Once a year, the man in the red suit holds all the power. Anyone who has kids knows what I’m talking about. We’ve all used (or experienced) the power of Santa to change behaviour, at least for a short period of time. For decades, poor Santa has been operating with a static set of data, often referred to as “The List”. But in the era of analytical insight, it’s even more important to behave – Santa doesn’t just have data, he has insight!
And he’s been taking a few tips from the local energy industry on how to turn insight into action.
The IBM Information on Demand event kicked off this morning with inspiring stories in to what customers are achieving today and a taste of the technological innovations of tomorrow. We were encouraged to “Think BIG”, inspired by Conoco Philips’ use of satellite analytics to track and predict movement of icebergs, to Premier Inc. using healthcare analytics to better understand the cause of infections contracted in hospital in order to predict, prevent and save lives.
But there were three key notes that stood out from the keynote that I just had to share.
You may have seen me tweet this week about how unlikely it was for me to find inspiration for my blog at the supermarket. I was wrong!
With two sick kids and a husband away for the weekend, I was looking for a smarter way to do my grocery shopping. I decided to try out the new “Click & Collect” approach – that is to order my groceries online and pick them up in store the following day. Everything was going according to plan – the website knew who I was, and knew from their loyalty program the items that I purchase regularly and suggested I include them in my basket. It also made recommendations on products I might like based on items I had in my shopping basket. Feeling like the supermarket chain knew me and my shopping needs, I happily paid for my groceries and went to collect them the following day.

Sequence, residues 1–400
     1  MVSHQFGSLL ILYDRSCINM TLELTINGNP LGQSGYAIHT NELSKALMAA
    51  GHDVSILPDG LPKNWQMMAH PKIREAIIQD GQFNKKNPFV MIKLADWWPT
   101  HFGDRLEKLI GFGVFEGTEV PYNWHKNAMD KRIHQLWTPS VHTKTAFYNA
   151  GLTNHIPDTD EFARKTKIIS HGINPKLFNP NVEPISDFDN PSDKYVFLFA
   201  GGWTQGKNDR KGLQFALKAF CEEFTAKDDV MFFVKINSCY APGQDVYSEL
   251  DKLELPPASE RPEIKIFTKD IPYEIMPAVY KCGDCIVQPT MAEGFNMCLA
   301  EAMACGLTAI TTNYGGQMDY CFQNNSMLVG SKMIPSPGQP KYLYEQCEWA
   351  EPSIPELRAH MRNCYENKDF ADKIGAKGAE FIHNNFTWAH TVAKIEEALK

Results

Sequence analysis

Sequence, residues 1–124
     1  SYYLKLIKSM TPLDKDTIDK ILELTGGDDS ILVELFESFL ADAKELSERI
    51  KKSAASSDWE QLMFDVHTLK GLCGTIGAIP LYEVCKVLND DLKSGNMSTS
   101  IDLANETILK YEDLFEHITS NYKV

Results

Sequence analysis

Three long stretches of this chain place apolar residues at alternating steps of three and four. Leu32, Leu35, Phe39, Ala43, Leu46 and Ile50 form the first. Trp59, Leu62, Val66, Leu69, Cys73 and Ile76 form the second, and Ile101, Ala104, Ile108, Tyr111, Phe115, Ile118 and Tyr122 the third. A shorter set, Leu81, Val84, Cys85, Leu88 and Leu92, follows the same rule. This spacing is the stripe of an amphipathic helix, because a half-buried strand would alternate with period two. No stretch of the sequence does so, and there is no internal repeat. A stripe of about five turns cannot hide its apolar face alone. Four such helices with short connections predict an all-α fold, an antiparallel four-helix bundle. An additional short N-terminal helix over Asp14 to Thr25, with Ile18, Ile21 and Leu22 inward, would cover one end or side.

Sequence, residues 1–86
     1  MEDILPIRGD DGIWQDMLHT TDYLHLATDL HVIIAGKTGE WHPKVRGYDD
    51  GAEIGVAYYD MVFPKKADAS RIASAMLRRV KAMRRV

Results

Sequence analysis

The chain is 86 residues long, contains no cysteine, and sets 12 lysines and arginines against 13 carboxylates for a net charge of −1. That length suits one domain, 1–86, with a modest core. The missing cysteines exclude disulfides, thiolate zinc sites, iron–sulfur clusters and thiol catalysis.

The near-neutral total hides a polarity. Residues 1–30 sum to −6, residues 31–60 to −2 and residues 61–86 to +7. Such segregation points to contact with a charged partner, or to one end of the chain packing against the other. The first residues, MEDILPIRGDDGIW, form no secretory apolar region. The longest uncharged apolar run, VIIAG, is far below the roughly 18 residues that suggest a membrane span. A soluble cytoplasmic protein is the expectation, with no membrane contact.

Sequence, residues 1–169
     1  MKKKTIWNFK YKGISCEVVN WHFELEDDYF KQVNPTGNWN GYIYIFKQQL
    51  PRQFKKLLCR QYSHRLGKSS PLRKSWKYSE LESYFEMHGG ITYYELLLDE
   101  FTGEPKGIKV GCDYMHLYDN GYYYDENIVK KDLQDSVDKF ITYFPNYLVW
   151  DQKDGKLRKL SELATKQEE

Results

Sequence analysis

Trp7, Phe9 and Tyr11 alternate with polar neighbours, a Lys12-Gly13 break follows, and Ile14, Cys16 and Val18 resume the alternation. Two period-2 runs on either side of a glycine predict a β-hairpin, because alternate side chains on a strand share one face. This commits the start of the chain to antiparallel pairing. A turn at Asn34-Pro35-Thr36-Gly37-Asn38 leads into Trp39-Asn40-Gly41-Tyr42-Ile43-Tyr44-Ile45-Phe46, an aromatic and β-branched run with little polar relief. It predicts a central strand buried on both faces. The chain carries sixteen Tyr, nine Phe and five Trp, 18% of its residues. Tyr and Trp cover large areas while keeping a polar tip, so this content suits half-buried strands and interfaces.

The problem was, even with all that analytics and insight, they forgot to act.
The title “Solution Architect” is one I’ve carried proudly for some time. After listening to a TED presentation on the way to work this morning, I’m thinking of changing it to “Outcome Architect”. I don’t design solutions, I design outcomes. And here’s why.
Energy companies and governments around the world are investing in technologies to enable smarter use of electrical grids. Monitoring devices are being introduced in all stages of the energy life cycle—from turbines in the plants, throughout network infrastructure and to individual households and appliances.
While significant investment is required to build an intelligent grid, the capturing of information in itself will not deliver value — it’s how we use this new information to generate efficiencies and identify areas for innovation that will determine the success of the smart grid.
At the end of an amazing week in Germany spent welcoming our new Business Analytics Solution Architects to the family, I couldn’t help but reminisce about the rich and successful history of IBMers before them. So when I found myself sitting in the club lounge at Frankfurt airport waiting for my flight, I opened up the IBM family album and took a trip down memory lane.
The centennial celebration last year produced a wealth of information about the innovations in IBM‘s 100 year history. But it was the old TV commercials that had me in hysterics – much to the amusement of my fellow loungers.